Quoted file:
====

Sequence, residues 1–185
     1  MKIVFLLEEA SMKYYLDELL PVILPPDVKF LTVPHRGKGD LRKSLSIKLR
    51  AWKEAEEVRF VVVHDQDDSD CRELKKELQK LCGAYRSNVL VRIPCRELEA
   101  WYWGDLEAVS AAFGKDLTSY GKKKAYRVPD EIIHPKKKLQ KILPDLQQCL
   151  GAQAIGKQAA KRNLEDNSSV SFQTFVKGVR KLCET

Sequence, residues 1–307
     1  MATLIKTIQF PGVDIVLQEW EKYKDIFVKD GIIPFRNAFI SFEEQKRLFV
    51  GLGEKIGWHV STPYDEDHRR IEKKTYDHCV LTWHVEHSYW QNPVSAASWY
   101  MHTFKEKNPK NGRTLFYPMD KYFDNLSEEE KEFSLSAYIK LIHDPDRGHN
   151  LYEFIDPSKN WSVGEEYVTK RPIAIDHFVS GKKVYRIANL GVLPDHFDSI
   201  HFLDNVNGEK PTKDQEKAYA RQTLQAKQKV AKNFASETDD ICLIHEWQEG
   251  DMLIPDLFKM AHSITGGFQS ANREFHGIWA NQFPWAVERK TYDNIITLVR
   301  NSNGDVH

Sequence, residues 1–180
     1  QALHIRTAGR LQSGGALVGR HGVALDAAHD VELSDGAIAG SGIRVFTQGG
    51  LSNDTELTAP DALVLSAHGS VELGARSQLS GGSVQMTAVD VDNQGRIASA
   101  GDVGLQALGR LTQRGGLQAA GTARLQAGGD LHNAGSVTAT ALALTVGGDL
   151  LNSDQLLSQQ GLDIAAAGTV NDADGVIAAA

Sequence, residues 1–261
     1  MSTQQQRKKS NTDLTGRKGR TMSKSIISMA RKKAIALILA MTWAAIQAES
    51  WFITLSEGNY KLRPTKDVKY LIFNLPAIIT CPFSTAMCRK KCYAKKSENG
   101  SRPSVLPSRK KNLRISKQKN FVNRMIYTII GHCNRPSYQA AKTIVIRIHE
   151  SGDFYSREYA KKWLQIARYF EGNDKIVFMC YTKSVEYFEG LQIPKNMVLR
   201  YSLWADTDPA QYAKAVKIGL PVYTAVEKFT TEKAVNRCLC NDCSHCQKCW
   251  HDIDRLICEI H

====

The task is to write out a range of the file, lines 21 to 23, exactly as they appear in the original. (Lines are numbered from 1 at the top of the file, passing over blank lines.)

    51  WFITLSEGNY KLRPTKDVKY LIFNLPAIIT CPFSTAMCRK KCYAKKSENG
   101  SRPSVLPSRK KNLRISKQKN FVNRMIYTII GHCNRPSYQA AKTIVIRIHE
   151  SGDFYSREYA KKWLQIARYF EGNDKIVFMC YTKSVEYFEG LQIPKNMVLR